Inadequate educational facilities for gifted children

Lack of intellectually challenging education for academically talented children
Inability to identify highly able students
Children gifted with exceptional intellectual ability or other talents may not be recognized within conventional national or local governmental school systems. Some gifted children may appear unmotivated by learning material that isn't intellectually challenging enough for them. Such disinterest may camouflage exceptional intellectual ability, and may provoke a teacher's confusion of lack of motivation with low academic ability. Even when a bright child is identified, it is only rarely possible to provide suitable facilities in which he can develop at his own accelerated pace and undertake work commensurate with his abilities. In the absence of such facilities it is only by chance that the child can develop his talents into constructive channels.
In the USA for example, about one percent of the elementary school population may be intellectually gifted as measured by intelligence testing. The only programmes for such students exist in a small number of the very largest cities, yet the greatest proportion of the gifted students assumed to exist, live in small cities, towns and rural districts. A 1991 study indicates that the last major survey of high ability among UK children was conducted in 1972, when approximately 50% of schools interviewed were considered disinterested in identifying and challenging the academically gifted.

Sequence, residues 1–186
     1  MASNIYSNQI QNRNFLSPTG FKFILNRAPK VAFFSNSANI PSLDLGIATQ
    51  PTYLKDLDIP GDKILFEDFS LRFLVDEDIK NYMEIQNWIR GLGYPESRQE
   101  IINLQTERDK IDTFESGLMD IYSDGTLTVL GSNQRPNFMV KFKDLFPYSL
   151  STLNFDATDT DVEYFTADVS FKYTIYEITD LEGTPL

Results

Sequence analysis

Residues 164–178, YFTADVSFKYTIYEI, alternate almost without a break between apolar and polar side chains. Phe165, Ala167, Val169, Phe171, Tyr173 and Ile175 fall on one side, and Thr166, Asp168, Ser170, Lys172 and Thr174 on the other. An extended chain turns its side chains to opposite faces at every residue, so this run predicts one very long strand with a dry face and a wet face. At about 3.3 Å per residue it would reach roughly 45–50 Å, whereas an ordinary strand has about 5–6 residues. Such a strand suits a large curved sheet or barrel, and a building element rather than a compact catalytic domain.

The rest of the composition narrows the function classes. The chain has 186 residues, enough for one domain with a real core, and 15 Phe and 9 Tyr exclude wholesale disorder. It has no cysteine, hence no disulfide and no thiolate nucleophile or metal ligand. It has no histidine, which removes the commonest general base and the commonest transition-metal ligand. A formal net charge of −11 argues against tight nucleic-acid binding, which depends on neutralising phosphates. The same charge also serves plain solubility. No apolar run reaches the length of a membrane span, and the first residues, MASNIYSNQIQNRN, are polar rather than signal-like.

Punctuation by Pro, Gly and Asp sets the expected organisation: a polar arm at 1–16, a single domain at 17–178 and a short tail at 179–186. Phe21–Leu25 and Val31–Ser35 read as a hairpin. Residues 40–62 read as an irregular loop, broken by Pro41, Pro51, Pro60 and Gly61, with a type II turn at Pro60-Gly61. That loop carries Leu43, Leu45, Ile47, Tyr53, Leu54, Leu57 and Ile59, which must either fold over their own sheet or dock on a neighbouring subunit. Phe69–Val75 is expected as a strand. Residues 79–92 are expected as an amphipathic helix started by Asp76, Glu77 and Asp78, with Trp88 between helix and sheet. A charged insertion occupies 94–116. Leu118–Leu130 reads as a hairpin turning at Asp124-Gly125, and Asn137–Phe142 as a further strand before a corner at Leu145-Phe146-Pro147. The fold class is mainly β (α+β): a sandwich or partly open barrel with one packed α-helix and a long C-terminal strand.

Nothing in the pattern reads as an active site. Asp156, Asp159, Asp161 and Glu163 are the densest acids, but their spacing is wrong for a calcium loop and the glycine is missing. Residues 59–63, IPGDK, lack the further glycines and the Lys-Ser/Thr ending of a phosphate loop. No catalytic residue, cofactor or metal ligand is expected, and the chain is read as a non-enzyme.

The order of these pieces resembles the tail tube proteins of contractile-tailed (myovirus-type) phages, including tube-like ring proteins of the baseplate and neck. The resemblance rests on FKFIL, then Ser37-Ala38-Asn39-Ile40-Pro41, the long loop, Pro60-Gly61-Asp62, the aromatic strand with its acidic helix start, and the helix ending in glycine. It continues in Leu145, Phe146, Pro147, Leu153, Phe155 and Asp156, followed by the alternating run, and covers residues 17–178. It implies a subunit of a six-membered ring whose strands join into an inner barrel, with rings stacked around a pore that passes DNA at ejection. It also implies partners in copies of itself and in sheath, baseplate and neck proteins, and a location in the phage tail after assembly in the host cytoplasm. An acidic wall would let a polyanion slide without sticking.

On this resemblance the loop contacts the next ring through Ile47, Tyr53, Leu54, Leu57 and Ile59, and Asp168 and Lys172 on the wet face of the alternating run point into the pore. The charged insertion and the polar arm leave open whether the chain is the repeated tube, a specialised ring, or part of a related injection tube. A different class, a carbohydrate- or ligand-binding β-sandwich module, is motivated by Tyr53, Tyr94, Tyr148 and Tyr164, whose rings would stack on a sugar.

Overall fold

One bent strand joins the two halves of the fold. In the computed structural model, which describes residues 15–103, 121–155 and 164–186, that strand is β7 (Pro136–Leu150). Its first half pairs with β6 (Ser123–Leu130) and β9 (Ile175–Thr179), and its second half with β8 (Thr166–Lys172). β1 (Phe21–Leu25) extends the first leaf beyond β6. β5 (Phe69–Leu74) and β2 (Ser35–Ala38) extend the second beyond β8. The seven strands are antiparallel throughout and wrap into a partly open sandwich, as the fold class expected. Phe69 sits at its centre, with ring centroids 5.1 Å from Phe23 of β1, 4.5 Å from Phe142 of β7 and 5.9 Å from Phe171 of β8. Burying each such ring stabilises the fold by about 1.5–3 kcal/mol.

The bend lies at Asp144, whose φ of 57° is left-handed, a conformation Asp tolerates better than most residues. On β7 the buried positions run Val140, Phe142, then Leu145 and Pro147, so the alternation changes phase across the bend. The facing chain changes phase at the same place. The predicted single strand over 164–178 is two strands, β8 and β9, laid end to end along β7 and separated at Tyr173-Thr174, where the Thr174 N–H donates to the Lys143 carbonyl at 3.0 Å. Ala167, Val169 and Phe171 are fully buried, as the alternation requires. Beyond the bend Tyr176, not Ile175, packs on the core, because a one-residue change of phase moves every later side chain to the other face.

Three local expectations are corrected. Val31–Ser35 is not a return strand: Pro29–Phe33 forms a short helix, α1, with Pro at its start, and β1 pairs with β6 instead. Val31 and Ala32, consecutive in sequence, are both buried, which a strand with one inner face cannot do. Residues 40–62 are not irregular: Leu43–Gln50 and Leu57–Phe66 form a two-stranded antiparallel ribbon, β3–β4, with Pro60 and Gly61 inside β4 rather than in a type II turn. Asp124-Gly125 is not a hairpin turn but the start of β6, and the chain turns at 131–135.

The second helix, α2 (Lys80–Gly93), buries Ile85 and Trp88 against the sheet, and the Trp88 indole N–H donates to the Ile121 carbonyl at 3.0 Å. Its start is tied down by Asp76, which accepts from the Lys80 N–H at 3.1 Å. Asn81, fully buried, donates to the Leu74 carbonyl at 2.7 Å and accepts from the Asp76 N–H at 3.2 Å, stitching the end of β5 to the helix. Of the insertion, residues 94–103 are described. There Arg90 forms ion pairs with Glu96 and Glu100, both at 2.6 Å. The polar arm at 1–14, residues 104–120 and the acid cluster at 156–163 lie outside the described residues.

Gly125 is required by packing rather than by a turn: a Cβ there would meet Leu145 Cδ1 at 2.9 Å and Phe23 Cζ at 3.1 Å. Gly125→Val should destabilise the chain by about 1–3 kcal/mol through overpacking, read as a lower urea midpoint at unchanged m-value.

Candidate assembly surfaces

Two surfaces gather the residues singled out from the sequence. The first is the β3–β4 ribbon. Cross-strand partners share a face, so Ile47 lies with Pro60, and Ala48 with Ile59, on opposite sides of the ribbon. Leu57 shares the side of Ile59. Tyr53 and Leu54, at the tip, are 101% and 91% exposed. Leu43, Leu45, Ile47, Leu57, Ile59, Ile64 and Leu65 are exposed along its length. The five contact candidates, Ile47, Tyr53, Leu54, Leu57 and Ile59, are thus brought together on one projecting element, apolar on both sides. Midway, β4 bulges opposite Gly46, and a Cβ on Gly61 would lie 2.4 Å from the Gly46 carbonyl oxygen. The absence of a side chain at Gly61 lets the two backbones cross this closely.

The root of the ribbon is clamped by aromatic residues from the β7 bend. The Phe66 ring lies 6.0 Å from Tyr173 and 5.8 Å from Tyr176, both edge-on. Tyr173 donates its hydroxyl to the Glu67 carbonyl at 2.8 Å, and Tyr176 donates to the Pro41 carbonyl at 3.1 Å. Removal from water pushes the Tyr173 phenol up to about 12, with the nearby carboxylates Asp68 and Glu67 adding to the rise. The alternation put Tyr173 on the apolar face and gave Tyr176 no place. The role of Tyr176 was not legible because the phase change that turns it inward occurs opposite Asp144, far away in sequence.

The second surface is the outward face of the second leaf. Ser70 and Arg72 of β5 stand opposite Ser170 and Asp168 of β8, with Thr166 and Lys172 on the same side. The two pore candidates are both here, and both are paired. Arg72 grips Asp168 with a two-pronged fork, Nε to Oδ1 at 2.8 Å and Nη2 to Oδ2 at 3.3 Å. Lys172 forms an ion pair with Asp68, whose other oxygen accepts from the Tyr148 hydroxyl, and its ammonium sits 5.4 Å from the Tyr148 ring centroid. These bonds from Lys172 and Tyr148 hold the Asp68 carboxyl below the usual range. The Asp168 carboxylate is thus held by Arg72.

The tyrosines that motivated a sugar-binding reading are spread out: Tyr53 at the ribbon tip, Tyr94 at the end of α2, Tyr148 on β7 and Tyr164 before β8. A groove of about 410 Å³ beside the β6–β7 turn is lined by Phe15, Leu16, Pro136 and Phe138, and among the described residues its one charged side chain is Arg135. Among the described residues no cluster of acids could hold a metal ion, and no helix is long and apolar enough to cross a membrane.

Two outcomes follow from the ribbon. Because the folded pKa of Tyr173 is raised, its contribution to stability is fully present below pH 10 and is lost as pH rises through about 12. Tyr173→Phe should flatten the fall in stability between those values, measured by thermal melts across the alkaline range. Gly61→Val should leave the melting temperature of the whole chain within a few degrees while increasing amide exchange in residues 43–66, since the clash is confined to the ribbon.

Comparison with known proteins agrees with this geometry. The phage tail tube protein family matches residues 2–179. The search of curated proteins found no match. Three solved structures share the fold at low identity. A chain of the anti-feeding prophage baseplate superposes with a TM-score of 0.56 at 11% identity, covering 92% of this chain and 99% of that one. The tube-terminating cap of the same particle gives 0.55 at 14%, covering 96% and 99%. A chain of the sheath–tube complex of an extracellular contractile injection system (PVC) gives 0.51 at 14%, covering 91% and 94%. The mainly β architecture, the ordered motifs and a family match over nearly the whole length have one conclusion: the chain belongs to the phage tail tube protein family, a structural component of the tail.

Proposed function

The segregation of exceptionally intelligent children into special facilities tends to create an intellectual aristocracy which is widely considered objectionable, particularly since they tend to be found amongst the privileged classes. In addition, such separation may make it difficult for these children to integrate themselves into society at a later stage in life. Specialized high schools for the performing or plastic arts, for vocational preparation, or for accelerated science programmes isolate students from their peer group, whose areas of excellence may lie in their character, their general development, their physical coordination, or simply, but importantly, in the diversity of their backgrounds. High schools need to develop special opportunities for all their exceptional students, but they should maintain a general character, in order to reflect the society which created them.
Boredom of youth [in 1 loop]
(D) Detailed problems